If you are feeling burdened by rising costs, you are not alone. The latest report from the Bureau of Labor Statistics found that the annual inflation rate in March was 5%. While that’s down from February, which was 6%, consumers are still feeling the squeeze.
Inflation rates have made it increasingly difficult for many people to maintain a balanced budget and a comfortable standard of living with it being easier than ever to overspend on everyday costs.
Although prices might be high, you can still find ways to save on the things you need. Keep reading to find out the five everyday expenses it’s easy to overspend on and how to save in these areas.
For most Americans, having a car is an absolute necessity when it comes to getting to work, to the grocery store and simply traveling from place to place. Unfortunately, gas is one of the easiest everyday costs to overspend on.
Today, the current average for regular gas is $3.67, according to AAA, and American families are shelling out an impressive $5,000 on average per year on gas. This is a significant jump from the roughly $2,800 they were spending on gas just last year, according to a new study by Yardeni Research.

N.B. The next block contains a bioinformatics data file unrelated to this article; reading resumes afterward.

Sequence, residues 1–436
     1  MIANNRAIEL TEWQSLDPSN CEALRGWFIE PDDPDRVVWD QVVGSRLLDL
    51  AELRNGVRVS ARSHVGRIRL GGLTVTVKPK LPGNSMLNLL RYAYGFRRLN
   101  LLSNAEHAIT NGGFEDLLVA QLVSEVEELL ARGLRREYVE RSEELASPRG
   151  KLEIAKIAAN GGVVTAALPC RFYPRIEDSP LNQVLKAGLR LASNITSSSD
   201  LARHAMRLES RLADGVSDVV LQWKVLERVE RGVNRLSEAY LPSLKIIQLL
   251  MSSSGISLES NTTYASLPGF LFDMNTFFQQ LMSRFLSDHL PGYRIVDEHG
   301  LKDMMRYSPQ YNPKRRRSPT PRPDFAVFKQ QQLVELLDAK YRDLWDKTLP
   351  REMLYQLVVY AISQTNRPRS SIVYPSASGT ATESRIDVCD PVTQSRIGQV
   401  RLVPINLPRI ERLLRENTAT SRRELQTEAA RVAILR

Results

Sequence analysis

Ways To Save on Gas
With gas prices incredibly competitive, there are limited ways to save on this expense. That being said, shopping around can help you keep more money in your pocket.
“You can download an app like Waze to get an idea of gas prices in your area, and shop based on which station has the lowest prices day by day,” said Jake Hill, CEO of DebtHammer.
Additionally, consider carpooling to work with a buddy or setting up a carpool group at your child’s school in order to save on gas. If public transportation is an option for you, you might be able to save a considerable amount of money by opting to leave your car at home and take the bus, train or trolley from place to place.
With today’s bleak economy, your daily coffee might be the one thing bringing you comfort. While I’m not saying to give up your favorite coffee shop, rising coffee prices are likely leading to your coffee spending growing larger than ever.
In fact, if you’re not tracking your spending, you might be surprised by how much you are spending on your favorite drinks. According to Zippia, the average American spends $1,097 on coffee per year. Breaking it down by month, that’s a shocking $91.42 consumers are spending on their caffeinated beverages monthly.
How To Save on Coffee
While coffee prices may have increased over the past few years, there are a few practical ways you can save money on your daily cup of joe without going broke. Check out these ideas.
- Invest in a quality coffee maker
- Purchase a milk frother
- Switch to a cheaper alternative to coffee — such as a caffeinated tea
- Make your own creamer
- Use a reusable cup if your coffee shop offers a discount
- Add your own coffee flavorings instead of paying extra for syrups
- Refrigerate leftover coffee
It’s easy to get in the habit of eating out daily or a few times a week, and while the convenience of having a delicious meal cooked for you is undeniably attractive, this is an expensive trap to fall into.